Future scientist Madeline Little is dreading the start of middle school. Nothing has been right since her grandfather died and her best friend changed schools. Maddie would rather help her father in his research lab or write Standard Operating Procedures in her lab notebook than hang out with a bunch of kids who aren’t even her friends. Despite Maddie’s reluctance, some new friends start coming her way—until they discover what she’s written in that secret notebook. And that’s just part of the trouble. Can this future scientific genius find the formula for straightening out her life?

Age Range: 10 - 12 years
Grade Level: 5 - 7
Hardcover: 256 pages
Publisher: HMH Books for Young Readers (November 1, 2016)
Language: English
ISBN-10: 0544636228
ISBN-13: 978-0544636224

Eleven-year-old Madeline Little is about to start middle school, still absorbing the loss of her beloved scientist grandfather, and generally feeling ill-at-ease about many things in her life, including the rare blood disorder that she shares with her older sister. She’s so obsessed with science and microbiology that she swabs random items she finds at school and then sees what kind of fungus grows from them in the petri dishes in her closet.

Readers soon learn that Maddie’s mind works a little differently than some middle schoolers—for example, in her lab notebook that she always has in her possession—she writes Standard Operating Procedures (SOPs), that help her navigate through her world. Below is an example:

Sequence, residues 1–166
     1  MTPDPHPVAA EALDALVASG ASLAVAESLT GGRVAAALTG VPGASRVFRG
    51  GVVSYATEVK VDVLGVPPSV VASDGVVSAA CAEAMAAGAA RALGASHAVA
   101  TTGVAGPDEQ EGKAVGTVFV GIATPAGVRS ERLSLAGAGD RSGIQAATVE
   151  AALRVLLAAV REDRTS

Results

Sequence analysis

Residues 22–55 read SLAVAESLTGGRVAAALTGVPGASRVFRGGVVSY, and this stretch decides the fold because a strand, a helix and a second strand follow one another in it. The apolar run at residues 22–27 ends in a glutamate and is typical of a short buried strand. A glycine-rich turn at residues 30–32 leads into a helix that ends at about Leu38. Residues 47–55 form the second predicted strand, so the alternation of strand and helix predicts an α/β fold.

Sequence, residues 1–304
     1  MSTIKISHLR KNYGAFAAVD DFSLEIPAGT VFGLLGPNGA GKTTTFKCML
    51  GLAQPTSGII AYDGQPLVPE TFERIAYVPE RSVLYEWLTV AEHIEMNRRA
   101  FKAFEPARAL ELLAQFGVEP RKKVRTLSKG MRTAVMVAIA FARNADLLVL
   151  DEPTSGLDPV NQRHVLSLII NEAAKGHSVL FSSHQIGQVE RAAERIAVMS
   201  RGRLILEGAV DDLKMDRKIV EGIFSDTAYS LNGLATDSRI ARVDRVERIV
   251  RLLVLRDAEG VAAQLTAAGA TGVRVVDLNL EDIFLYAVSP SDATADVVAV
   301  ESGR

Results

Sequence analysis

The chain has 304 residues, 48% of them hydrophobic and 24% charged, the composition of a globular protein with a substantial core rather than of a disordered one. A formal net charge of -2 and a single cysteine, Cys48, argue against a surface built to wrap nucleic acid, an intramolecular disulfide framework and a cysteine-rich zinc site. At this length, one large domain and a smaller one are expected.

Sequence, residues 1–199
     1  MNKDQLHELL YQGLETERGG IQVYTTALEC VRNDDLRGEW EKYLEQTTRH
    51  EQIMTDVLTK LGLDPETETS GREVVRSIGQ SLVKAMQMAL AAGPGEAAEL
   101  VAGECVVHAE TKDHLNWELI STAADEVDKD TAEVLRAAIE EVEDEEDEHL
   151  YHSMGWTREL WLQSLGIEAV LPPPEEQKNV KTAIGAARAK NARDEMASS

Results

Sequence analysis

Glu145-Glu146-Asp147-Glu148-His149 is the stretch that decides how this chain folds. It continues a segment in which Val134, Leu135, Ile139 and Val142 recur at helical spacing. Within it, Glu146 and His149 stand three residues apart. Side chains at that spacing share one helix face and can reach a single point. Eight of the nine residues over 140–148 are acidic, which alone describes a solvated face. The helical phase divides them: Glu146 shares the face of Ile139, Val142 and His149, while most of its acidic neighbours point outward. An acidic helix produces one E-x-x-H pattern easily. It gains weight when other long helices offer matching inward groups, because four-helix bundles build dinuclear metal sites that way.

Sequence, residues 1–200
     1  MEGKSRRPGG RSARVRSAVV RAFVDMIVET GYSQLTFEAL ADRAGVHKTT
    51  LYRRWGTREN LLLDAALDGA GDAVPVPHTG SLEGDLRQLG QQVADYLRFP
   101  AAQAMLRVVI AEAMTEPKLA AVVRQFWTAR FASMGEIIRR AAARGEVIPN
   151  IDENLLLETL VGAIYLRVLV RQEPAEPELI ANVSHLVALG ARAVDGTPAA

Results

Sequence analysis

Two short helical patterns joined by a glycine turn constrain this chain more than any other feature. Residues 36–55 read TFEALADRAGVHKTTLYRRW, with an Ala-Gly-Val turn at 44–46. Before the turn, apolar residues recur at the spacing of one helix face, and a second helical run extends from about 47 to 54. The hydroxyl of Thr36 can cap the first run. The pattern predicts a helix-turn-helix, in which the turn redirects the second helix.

How to Fake Sleep to Get Out of a Conversation with your Mother About Your Social Life.
Step 1. Yawn and then go limp. Like complete and total limpness.
Step 2. Open your mouth and breathe like you have a nasal blockage.
Step 3. If you are on a couch, or a bed, or a chair, dangle an arm or leg off the side for extra effect.

In true middle school fashion, Maddie is separated from her best friend, Elizabeth, who is attending a private school instead. She is also jealous once she learns about all the homework, special projects, and science labs Elizabeth will get to be a part of in her new school. There is a new student at the public middle school, Riley, that is just as interested in science as Maddie, but Maddie refuses to consider a friendship with her.

When I received this book to review, I knew it would be right up my 13-year-old’s alley. She’s also fascinated by microbiology and finished the book within a day. She loved all the descriptions of the lab Maddie’s dad works in and the storyline about the blood disorder Von Willebrand disease, which causes public humiliation for both Maddie and her sister Brooke at the worst possible times.

At first I was frustrated with Maddie’s character, because of her extreme stubbornness and unwillingness to see other people’s point of view and her refusal to be friends with anyone but Elizabeth, a friendship which hits a major roadblock. But then I realized this is middle-grade literature at its finest—the characters can’t be perfect at the beginning of the book because they won’t have any room to grow.